Through this all, Helen maintained her friendships in Sellersville, through church and weekend family activities. A couple times she drove all four children in that unreliable Plymouth to meet her friends at a Sellersville tennis court for a doubles match.
At that time it was safe to leave your children in the car, which is where we wrestled while she played tennis. We also stayed in the car at the A&P Market parking lot in Quakertown when Mom shopped for groceries once a week after Brownie or Girl Scout meetings.
Helen wanted her children to be well-rounded. She provided them with encouragement and lessons in musical kindergarten, drama, tennis, swimming, sailing, Little League. She wanted us to create lots of friendships, and she was still tracking the lives of some of our friends until the last few months.
Visit to Oregon, Olympics, Victoria, Vancouver BC
(quotes are from Helen's travel-log) Helen and Charlie visited daughter Charlotte for the first time in 1983. Their arrival date happened to be Helen's birthday. She accepted the fact that Charlotte presented her with one store-bought cupcake and a candle. The fun of being at a Shakespeare-in-the-Park performance made up for the lack of a homemade cake.
A helicopter pilot took us for a close view of the Mount St. Helen's crater, thrilling us with a sudden swoop down several hundred feet down into the crater (a maneuver that is no longer allowed due to safety concerns). Dad investigated log-handling and chip-making equipment in Aberdeen, and we all picked wild blackberries. Helen wanted to take a raft trip at the Quinalt Indian Reservation, but we needed to head out to Victoria. While waiting for the ferry we climbed a hill and ended up passing through someone's yard. The owner was a woman that Mom engaged in conversation and learned she was a Spirit-filled Christian (Mom's words). Still with time to wait, we rented bicycles--a three-wheeler for Mom, which was a challenge to pedal and steer. ("We could have seen Crown Zellerbach company making yellow telephone book pages if we could have traveled faster.")
Our Rent-a-Dent car caught on fire while waiting in a jam-packed line on the ferry to Victoria BC. We had taken some travel bags out of the car while we hosed it with fire retardant, and returned to the ferry terminal several hours later to retrieve them. At a later ferry, Mom met a motorcycling couple from NYC who had helped us with the car fire. She wrote in her travel-log, "He kissed me when we met this time. I think he thought I was someone else. But it was exciting to be kissed (on the cheek) by a N.Y. policeman."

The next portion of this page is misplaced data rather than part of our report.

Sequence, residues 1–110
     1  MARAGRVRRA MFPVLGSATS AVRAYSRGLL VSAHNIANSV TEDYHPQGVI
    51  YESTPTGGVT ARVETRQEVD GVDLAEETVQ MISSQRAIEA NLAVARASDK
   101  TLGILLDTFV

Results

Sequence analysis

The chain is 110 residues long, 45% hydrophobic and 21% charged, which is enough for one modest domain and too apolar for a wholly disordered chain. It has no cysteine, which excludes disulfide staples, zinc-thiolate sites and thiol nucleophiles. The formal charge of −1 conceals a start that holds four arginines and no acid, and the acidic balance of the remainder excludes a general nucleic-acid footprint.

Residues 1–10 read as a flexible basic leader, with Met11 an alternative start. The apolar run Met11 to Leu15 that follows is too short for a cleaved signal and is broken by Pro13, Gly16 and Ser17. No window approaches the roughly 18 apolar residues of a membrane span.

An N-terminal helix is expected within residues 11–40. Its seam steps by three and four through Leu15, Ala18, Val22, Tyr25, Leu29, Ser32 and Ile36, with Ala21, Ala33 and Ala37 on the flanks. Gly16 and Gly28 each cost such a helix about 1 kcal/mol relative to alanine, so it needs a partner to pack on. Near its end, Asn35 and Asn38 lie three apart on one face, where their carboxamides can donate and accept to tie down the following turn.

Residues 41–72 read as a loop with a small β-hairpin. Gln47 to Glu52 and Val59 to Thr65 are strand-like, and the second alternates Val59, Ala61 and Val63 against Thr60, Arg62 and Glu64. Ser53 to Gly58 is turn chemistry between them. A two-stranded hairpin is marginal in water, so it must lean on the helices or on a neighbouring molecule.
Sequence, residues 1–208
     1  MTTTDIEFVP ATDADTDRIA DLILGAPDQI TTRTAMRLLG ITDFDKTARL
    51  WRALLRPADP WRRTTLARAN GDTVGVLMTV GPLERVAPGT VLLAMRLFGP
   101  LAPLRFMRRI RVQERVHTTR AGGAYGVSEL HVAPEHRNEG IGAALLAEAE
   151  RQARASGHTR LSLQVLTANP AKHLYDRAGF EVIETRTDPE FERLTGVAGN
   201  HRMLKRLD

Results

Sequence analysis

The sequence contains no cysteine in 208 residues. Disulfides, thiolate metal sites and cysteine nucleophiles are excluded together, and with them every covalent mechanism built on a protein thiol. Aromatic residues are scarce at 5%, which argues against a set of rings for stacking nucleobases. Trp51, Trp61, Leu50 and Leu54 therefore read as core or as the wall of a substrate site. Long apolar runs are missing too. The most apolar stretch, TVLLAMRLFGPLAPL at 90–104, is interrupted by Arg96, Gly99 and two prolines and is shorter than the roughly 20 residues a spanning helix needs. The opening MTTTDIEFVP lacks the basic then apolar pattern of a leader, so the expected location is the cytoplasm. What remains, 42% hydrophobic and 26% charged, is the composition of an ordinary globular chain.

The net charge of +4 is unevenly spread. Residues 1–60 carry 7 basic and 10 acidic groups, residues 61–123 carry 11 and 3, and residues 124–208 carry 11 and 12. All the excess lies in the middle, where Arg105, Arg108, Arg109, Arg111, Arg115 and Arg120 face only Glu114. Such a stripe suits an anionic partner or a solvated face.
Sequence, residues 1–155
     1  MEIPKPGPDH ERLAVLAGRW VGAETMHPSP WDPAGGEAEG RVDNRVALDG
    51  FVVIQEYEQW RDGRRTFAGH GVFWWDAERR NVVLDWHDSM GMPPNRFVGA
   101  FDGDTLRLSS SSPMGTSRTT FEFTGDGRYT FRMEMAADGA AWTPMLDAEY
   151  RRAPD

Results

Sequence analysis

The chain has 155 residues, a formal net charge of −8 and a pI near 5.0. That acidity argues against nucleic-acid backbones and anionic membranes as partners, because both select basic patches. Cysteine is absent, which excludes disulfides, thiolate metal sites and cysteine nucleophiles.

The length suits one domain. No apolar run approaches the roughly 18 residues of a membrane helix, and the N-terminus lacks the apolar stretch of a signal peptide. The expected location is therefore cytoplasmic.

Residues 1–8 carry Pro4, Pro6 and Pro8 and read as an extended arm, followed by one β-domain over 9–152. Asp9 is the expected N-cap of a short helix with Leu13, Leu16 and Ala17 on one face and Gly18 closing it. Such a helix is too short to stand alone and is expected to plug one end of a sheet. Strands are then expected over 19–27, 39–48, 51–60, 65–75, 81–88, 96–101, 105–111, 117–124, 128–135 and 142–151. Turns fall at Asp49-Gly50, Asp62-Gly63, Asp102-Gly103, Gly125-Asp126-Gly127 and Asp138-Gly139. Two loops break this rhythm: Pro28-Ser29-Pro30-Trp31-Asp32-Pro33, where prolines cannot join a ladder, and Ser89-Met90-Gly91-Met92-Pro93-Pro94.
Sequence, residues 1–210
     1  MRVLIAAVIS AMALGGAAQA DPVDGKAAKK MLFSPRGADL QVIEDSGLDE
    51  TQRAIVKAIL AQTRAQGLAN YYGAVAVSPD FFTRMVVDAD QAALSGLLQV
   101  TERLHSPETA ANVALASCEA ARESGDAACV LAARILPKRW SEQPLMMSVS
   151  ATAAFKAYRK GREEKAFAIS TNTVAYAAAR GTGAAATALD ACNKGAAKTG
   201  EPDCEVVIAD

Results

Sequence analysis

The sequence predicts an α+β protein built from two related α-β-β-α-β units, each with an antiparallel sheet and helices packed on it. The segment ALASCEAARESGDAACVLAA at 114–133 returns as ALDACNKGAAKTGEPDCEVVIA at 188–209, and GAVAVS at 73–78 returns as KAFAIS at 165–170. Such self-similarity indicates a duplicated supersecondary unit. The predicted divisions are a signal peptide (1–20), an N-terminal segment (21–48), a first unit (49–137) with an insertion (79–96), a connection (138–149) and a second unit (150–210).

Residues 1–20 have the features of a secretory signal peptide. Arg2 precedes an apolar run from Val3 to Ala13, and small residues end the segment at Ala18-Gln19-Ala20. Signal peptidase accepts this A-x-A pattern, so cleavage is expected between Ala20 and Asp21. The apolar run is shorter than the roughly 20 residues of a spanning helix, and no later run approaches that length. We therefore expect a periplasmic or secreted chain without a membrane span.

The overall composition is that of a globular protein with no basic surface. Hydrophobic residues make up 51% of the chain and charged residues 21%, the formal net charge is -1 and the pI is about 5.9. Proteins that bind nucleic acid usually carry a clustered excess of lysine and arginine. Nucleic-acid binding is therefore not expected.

After leaving Charlotte at the Seattle ferry, Helen and Charlie toured Butchart Gardens. "They are lovely by daylight and in the evening by special lighting. ...All the restaurants close at 10 pm. It was now 10:45 pm -- no supper. We ate potato chips and 7 up." Next morning at breakfast they made friends with the owners of a California almond farm and she talked with him about being a Hollander Dutchman. On the return ferry they visited with their NYC "motorcycle friends" again.
== “Touch of the Masters Hand”
The following is from Mom's little blank 6 ring notebook, written while she was Director of Christian Education at the Reformed Church in Quakertown, at age 27. This was the church that Betty Phelps attended.
July 23, 1947 Presentation to the youth group:
Poem that was read to the group
The Touch of the Masters Hand
Twas battered and scarred, and the auctioneer thought it scarcely worth his while to waste much time on the old violin, but held it up with a smile; "What am I bidden, good folks," he cried, "Who'll start the bidding for me?" "A dollar, a dollar"; then two!" "Only two? Two dollars, and who'll make it three? Three dollars, once; three dollars twice; going for three.." But no, from the room, far back, a gray-haired man came forward and picked up the bow; Then, wiping the dust from the old violin, and tightening the loose strings, he played a melody pure and sweet as caroling angel sings.
The music ceased, and the auctioneer, with a voice that was quiet and low, said; "What am I bid for the old violin?" And he held it up with the bow. A thousand dollars, and who'll make it two? Two thousand! And who'll make it three? Three thousand, once, three thousand, twice, and going and gone," said he. The people cheered, but some of them cried, "We do not quite understand what changed its worth." Swift came the reply: "The touch of a master's hand."
And many a man with life out of tune, and battered and scarred with sin, Is auctioned cheap to the thoughtless crowd, much like the old violin, A "mess of pottage," a glass of wine; a game - and he travels on. "He is going" once, and "going twice, He's going and almost gone." But the Master comes, and the foolish crowd never can quite understand the worth of a soul and the change that's wrought by the touch of the Master's hand.
Myra 'Brooks' Welch
Rest of the talk
“We learn so many lessons from parables and stories. Jesus Christ, our Saviour, used them often to teach the people about Himself. A story paints a picture in words and makes us get the meaning quickly.
There are 3 choices that each young person has to make, and you will hear about them often. They are: the choice of your life master, your life work, and your life mate. The last one is the romantic one and all of are thinking about this or will be thinking about it soon. The second one is so important—choosing your life work. What do you want to do as your life occupation? Now is a good time to find suitable, congenial work. I hope each one of you will give this plenty of thought.
Now we come to the first idea: choosing your life master. Who are you going to worship? Who are you going to put first in your life? This choice is the changing point of your life. Just like the poem that I read and will read again a little later.
When the Master, God, Jesus Christ, touches our life, things are changed. Our value goes up, way up. We are each one important to God...even me, even you. Then, please remember that every other person is important to God. He loves everyone. That fact is something for which we can be thankful. God wants you to give your allegiance first to Him and He will take you as the old artist took the violin and make something good out of you. Something really good.”